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Comment author: Aaron_Boyden 27 July 2008 03:30:59PM 1 point [-]

Peter, most of the reasons people give for making exceptions are not themselves meta. For most of the examples you give, the intuitive justification is something along the lines of "the reason killing is wrong is that life is valuable, and in these cases not killing would involve valuing life less than killing would." Nothing meta there.

In response to Thou Art Physics
Comment author: Aaron_Boyden 06 June 2008 06:47:05PM 0 points [-]

I don't see the need for this new category of "requiredism;" most philosophical compatibilists have thought that free will required determinism. Van Inwagen calls the argument that free will requires determinism the "mind argument" (since there are apparently several papers in Mind from the mid 20th century all making versions of the argument), but it is quite clearly stated as early as Hume.

Comment author: Aaron_Boyden 19 April 2008 05:26:56PM 0 points [-]

I don't know a standard name for it, but the soul-swap issue is quite old. Locke is interpreted as making some similar point in chapter XXVII, section 13 of the _Essay Concerning Human Understanding_; I know I always hear the point attributed to Locke, so he may be the first.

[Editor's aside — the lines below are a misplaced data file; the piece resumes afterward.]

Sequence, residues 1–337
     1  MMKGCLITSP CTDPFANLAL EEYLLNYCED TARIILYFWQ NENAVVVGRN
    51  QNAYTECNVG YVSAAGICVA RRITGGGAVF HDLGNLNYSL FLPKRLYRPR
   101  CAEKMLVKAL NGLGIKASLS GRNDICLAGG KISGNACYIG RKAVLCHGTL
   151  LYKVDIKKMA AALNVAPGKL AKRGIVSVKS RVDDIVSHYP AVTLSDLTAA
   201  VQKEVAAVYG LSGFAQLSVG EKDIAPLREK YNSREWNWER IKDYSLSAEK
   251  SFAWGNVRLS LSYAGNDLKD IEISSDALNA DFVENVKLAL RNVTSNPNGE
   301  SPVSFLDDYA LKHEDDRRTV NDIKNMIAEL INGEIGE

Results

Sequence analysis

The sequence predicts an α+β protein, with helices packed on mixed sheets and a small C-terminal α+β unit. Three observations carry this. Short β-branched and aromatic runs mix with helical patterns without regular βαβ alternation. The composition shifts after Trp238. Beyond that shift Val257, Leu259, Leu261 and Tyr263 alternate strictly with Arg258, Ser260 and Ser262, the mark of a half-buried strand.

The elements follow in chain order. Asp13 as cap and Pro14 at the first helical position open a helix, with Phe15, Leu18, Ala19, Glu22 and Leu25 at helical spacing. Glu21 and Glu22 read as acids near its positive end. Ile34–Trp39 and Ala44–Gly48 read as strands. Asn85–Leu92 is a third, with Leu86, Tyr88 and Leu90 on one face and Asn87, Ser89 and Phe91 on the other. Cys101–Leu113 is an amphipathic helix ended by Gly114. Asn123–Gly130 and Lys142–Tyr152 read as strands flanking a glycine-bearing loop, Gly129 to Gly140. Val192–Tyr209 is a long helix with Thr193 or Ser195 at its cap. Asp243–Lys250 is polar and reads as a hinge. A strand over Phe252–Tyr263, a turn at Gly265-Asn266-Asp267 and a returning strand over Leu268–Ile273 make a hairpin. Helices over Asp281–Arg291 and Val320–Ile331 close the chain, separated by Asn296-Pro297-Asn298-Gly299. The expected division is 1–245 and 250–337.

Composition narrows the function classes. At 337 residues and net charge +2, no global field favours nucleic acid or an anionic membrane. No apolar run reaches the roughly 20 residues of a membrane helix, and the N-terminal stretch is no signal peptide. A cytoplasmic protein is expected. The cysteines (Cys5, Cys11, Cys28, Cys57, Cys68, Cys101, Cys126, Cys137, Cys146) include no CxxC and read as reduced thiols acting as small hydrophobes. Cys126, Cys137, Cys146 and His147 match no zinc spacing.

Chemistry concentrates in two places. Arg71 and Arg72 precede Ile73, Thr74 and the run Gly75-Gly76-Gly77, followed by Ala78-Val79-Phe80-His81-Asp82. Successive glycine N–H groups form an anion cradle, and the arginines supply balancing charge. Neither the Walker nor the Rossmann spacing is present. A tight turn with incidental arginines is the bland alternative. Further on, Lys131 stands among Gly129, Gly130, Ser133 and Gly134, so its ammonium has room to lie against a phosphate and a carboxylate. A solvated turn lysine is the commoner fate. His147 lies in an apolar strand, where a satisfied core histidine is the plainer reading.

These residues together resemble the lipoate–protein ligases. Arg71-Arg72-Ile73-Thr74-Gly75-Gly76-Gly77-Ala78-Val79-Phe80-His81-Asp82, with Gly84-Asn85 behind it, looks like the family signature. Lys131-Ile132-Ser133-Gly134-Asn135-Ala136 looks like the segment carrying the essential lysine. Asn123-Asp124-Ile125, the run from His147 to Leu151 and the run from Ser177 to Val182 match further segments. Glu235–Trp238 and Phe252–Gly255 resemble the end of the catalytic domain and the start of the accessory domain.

In response to Fake Reductionism
Comment author: Aaron_Boyden 18 March 2008 03:24:34AM 1 point [-]

Cyan, what you describe sounds a bit mystical, but there is an observable tendency for people to seek some magic bullet, some simple underlying factor which explains everything. Single underlying factor theories are usually wrong, of course, and phenomena often involve a lot of complex relationships which need to be taken into account; some who call themselves reductionists are enamored of over-simplified single factor views (the way certain evolutionary psychologists talk about genes comes to mind), and it is likely that anti-reductionism is partly motivated in some cases by opposition to those single factor views. However, understanding objects as wholes is not the way to recognize their true complexity; it's just another way to hide that complexity.

Comment author: Aaron_Boyden 17 March 2008 03:29:11AM -1 points [-]

Along the lines of my comment on your previous reductionism post, perhaps there would be fewer howls of protest at the declaration that rainbows are not fundamental were you not contrasting them with other things which you are claiming are fundamental (without evidence, I might add).

In response to Reductionism
Comment author: Aaron_Boyden 16 March 2008 08:26:01AM 5 points [-]

One minor quibble; how do we know there is any most basic level?